Creating professional-sounding musical projects on iOS devices is becoming easier all the time, with dedicated equipment for phones and tablets. We’ve already covered the 100 essential apps, but here’s our essential guide to using them…
1: Keep it Tidy
You will need to practise good housekeeping and resource management on your iOS device, just like you do on your computer – perhaps even more so. Whereas computers can be upgraded with more RAM, faster hard drives and sometimes even new CPUs, iOS devices can’t, and so the amount of power available to you is determined by the particular device you have.
Very broadly speaking, an iPad 3 or newer and an iPhone 5 or newer are the baselines for decent performance – and the newer the better. There are some good rules of thumb to remember; make sure you have a decent amount of storage space free. Force quit apps you’re not using and restart prior to any serious audio work. Switch on Do Not Disturb so you don’t get calls, texts and other notifications in the middle of trying to record.
2: Get a MIDI Input Device
Touchscreens are great, but a dedicated MIDI input device will make your life much easier if you work on the move a lot. IK Multimedia makes lots of these: the iRig Pads, Keys and Blueboard in different versions. The company also makes the iRig MIDI, which can be used to connect conventional MIDI gear to your iOS device. Windows and Mac users can also use networked MIDI over wi-fi to iOS, though latency can be an issue.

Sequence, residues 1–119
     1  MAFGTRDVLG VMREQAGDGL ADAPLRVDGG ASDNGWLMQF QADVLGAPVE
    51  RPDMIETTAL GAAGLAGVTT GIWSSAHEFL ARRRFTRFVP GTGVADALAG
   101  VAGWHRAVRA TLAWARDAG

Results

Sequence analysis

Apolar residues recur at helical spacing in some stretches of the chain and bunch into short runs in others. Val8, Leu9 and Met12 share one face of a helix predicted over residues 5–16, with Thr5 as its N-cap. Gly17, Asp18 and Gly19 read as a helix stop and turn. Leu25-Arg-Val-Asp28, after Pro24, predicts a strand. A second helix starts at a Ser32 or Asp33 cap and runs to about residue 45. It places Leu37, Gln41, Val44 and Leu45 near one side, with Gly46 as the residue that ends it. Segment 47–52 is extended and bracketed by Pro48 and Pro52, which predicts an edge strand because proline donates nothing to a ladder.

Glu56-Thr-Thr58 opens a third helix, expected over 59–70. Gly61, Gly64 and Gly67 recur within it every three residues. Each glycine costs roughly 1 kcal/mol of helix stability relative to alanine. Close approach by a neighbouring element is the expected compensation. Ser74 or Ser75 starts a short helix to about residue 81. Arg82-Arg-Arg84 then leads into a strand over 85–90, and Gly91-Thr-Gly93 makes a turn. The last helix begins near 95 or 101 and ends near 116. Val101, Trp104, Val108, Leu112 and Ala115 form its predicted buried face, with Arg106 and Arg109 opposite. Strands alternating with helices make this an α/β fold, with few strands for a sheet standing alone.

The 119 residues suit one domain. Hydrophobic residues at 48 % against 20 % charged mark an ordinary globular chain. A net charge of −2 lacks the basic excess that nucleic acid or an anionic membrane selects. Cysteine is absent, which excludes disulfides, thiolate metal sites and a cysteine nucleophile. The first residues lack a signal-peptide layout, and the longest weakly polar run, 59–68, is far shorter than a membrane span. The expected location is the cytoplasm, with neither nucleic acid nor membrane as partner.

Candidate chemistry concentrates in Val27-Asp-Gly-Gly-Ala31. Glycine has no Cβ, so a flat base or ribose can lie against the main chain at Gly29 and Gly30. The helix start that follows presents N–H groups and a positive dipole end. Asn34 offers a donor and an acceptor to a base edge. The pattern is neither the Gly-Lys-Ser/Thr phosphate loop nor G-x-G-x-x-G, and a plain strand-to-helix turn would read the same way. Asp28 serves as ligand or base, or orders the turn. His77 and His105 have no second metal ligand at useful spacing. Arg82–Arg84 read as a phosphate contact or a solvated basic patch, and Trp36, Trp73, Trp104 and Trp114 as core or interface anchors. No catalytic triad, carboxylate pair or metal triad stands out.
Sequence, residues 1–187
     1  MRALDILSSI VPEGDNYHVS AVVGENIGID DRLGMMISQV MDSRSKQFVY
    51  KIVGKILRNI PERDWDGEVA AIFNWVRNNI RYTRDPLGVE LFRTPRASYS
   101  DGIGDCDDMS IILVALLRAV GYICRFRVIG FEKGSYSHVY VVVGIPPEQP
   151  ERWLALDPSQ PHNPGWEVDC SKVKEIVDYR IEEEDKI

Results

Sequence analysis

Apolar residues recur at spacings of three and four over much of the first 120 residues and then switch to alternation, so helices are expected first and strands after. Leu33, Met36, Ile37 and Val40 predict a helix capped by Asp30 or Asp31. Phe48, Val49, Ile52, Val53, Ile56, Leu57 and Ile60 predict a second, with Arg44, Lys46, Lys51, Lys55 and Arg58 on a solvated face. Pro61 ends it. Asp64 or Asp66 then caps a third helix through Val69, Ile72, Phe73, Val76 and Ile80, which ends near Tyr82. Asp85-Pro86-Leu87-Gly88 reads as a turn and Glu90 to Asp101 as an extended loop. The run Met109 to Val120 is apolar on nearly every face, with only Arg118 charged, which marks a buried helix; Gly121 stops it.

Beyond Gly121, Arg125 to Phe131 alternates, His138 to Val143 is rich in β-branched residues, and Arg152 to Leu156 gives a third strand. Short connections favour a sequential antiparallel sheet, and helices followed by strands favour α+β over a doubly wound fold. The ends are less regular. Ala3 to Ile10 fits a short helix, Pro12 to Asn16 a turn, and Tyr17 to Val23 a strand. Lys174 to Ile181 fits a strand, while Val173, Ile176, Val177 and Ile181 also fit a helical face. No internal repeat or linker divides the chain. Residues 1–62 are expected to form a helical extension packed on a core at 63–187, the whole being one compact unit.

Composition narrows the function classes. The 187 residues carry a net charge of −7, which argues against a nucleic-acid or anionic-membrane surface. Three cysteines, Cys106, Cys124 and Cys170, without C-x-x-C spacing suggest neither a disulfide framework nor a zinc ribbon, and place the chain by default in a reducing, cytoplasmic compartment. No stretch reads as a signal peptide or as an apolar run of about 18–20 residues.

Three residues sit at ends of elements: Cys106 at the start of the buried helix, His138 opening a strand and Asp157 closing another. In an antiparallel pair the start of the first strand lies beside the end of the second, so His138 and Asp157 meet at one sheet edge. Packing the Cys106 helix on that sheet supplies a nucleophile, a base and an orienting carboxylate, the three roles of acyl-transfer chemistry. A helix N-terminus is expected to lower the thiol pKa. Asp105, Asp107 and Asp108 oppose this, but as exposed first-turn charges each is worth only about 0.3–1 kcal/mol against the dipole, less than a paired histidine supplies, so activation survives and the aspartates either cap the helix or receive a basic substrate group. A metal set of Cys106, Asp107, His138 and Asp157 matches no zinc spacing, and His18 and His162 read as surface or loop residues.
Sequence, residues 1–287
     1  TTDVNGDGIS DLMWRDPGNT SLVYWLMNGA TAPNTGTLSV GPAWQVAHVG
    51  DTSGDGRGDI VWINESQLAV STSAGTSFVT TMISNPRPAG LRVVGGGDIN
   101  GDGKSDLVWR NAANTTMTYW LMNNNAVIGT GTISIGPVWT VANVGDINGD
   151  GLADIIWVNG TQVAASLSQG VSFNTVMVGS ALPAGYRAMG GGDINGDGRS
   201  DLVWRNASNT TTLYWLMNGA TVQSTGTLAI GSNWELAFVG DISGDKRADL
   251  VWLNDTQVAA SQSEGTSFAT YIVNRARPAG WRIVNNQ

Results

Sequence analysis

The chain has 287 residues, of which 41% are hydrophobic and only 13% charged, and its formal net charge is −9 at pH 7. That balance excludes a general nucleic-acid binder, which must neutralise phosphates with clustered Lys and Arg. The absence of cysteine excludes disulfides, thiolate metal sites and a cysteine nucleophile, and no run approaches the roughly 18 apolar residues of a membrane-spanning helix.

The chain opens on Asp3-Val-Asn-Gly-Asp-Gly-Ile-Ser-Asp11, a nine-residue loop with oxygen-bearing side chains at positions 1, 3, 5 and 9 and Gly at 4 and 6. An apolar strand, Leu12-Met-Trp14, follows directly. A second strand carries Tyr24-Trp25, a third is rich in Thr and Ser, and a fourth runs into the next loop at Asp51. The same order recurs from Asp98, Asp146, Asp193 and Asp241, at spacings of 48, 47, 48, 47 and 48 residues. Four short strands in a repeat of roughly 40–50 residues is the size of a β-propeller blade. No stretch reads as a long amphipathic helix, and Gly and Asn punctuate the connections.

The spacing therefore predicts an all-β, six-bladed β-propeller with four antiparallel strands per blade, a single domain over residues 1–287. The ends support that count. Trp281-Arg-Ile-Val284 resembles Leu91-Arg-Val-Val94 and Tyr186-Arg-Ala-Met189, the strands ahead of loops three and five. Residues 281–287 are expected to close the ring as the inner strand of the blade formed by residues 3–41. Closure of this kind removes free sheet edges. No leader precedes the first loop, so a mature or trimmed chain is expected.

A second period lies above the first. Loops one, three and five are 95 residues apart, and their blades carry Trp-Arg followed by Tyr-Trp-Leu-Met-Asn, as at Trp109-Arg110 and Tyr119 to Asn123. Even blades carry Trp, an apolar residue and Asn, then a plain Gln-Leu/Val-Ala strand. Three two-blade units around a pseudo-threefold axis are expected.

A MIDI input device such as the iRig Keys is a very good idea
3: Get a Good Set of Headphones
The importance of getting some decent headphones cannot be overestimated. Aim for closed-back, over-ear models, as these will stop sound leakage if you’re working in a public space. They should be comfortable, too, for long periods of listening, and preferably pretty lightweight if you’re carrying them around. Don’t skimp on these, since a good pair will serve you well.
4: Buy an Amp/Effects Sim